Wednesday, 31 October 2007

What About Mackin?

So we're to have another central midfielder for Sunday apparently. Danny Williams and Mark Jones are injured, Andy Fleming, Matt Crowell and Conall Murtagh are not match fit so we need reinforcements.

Fair enough, but what about Levi Mackin? He had a good run in the team at the start of the season and looked good until he was swamped during the Aston Villa fiasco. And now, apparently, he's persona non grata. Bet he feels great.

Sunday, 28 October 2007

A Chance For A Get-together?

I wonder if the Peterborough game will give Brian Carey and Darren Ferguson a chance to reknew acquaintances, or will we be under new management?

Racecourse Anxiety Syndrome

There's a big obstacle which Wrexham must overcome before they can stage a recovery this season: home advantage.

I don't care what anyone tries to tell you; I'm convinced that playing at home has become an issue to the players, and until it gets sorted we'll be struggling.

You can tell by what is said after matches. Naturally, players' post-match comments often reflect what has been discussed in the changing room after the game, and an edginess about playing in front of the Racecourse crowd has been a recurring theme. Even more so, Brian Carey has often made reference to the importance of pleasing the home fans, and although he has gone out of his way to argue that it isn't a problem within the squad, I suspect he may protest too much.

The ironic thing is that, considering how poor our home form has been this season, I feel the Racecourse faithful have been pretty easy-going about it all. I accept this is not an opinion shared by all, and you get different impressions of the crowd depending on where you are in the ground, but I'd have thought that generally speaking a side which has been on a losing streak at home like ours would get a rougher ride.

I think the three reasons why the fans have been fairly easy-going are simple. Firstly, they appreciate the effort the side put in to surviving last season, and can see that any failings this season are not down to a lack of commitment. Secondly, Brian Carey has, through his years of honest service to the club, earned the fans' respect. No true Wrexham fan would boo his side lightly, which leads us to the final reason why there has been no real rough ride for the players; we're down to the hard core of our support.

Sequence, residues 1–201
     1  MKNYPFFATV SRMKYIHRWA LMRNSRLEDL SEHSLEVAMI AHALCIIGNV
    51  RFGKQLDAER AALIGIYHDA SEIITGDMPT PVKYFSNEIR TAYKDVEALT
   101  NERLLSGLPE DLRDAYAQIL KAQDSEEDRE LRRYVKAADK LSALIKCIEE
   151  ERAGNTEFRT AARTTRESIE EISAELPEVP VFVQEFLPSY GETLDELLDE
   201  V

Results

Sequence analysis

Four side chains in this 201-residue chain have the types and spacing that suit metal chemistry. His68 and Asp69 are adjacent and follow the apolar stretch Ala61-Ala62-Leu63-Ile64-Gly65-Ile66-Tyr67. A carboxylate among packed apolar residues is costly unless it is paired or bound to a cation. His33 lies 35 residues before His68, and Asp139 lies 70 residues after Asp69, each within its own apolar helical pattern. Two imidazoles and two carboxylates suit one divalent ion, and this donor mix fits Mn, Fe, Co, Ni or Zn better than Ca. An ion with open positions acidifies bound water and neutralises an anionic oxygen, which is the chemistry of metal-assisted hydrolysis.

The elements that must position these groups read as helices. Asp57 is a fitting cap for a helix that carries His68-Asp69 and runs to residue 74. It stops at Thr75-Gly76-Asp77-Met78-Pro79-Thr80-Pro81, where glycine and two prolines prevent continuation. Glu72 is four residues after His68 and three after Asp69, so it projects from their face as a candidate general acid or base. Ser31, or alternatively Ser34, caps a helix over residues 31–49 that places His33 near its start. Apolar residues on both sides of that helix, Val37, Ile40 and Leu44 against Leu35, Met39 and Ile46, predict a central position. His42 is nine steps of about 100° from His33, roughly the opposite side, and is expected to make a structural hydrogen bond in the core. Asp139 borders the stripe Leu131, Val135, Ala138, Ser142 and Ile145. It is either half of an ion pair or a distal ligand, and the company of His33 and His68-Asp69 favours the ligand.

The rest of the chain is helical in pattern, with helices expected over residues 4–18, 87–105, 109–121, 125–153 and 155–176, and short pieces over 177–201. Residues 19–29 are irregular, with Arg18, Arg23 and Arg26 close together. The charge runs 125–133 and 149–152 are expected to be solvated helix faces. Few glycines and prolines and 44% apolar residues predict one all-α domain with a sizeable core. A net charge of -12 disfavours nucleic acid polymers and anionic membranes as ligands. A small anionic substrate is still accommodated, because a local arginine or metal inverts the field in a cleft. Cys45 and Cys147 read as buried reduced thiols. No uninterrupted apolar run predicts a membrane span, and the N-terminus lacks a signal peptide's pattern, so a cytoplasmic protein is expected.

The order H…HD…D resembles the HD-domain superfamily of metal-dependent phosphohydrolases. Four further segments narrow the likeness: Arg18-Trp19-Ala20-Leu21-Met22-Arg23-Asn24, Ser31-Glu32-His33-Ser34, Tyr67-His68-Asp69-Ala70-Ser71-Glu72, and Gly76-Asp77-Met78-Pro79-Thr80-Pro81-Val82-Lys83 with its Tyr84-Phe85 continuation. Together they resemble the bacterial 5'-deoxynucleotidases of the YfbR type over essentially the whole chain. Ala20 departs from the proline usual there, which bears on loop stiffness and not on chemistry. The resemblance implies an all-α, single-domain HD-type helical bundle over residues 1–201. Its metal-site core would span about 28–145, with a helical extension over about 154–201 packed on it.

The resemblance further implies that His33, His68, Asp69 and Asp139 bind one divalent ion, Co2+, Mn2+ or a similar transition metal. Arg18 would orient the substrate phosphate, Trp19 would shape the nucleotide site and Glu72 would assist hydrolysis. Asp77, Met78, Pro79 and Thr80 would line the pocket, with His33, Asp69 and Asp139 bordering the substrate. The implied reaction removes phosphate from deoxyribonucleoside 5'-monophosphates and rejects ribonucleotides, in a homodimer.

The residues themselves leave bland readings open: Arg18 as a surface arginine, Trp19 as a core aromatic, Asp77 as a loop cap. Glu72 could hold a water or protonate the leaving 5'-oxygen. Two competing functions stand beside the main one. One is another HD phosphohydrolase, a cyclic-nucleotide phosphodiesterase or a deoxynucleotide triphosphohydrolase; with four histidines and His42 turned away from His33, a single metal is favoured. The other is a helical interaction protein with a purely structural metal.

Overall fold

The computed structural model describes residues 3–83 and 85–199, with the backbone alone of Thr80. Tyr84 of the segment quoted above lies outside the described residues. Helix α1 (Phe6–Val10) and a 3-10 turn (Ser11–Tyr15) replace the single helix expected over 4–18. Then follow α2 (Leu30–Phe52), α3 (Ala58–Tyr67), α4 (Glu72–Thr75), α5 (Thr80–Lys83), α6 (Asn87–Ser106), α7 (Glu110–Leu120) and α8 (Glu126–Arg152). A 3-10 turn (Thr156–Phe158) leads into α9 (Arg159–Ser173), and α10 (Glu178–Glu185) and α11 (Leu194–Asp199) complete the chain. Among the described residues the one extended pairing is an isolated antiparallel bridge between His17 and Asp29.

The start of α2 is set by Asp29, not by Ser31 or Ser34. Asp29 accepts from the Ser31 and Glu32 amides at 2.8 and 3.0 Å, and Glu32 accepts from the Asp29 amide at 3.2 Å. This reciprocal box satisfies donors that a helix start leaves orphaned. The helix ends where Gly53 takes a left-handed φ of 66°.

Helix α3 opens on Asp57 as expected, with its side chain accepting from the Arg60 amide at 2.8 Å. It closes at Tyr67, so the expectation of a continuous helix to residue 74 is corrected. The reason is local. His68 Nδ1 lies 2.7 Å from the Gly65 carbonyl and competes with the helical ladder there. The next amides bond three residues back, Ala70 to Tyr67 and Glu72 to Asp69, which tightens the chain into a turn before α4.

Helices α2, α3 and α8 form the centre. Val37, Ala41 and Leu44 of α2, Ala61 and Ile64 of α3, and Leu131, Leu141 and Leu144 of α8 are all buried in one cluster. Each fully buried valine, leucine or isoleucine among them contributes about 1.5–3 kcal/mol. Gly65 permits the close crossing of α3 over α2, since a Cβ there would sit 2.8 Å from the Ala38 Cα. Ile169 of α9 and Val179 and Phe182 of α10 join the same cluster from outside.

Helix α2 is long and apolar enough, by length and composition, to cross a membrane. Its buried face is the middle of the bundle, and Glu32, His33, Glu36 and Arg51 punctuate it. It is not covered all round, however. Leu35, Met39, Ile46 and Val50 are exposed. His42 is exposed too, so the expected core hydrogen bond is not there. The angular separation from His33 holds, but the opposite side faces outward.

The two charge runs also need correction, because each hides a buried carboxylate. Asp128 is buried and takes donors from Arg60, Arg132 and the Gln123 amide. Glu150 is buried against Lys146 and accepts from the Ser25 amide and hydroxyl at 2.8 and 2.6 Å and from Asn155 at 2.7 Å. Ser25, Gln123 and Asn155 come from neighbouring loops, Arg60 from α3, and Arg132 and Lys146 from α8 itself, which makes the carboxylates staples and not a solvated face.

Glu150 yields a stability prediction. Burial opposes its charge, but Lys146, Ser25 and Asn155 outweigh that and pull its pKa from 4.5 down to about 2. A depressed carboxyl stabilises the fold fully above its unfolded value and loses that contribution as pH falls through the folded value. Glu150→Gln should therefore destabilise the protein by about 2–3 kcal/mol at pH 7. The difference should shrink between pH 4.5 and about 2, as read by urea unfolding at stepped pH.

Of course there have been cases of abuse towards the players, and that's never a nice thing to deal with, but by the same token it's also inevitable that when a few thousand people get together in the safety of a crowd, some will act unreasonably. It hasn't mushroomed into anything more widespread though. That's epitomised by the fact that a brief spate of booing as the farcical second Barnet goal went in had abated by the final whistle into a low level disgruntled mumbling.

Furthermore, the attendance's have sustained a surprisingly healthy level despite our troubles. When I think back to the mid-eighties, when a mid-table Fourth Division side scraped league crowds around the one and a half thousand mark, the turn-outs have been pretty robust.

I understand the players' nervousness that the crowd could turn; of course they could. Yet the problem is that this nervousness seems to be transmitting itself into their game, which can only perpetuate the problem. Look at how we had to cling on at the end against a clearly inferior ten man Lincoln as we froze in sight of a precious three points. There's a fear of failure which leads to players not taking chances, and when a player consciously plays within himself he starts making bad decisions.

So what's the solution? Well, the wonderful thing about football is that happiness is always just a good ninety minutes away. A lucky early break, or a day when a few players click or the opposition press the self-destruct button is all that is needed to make our travails at The Racecourse fade magically away.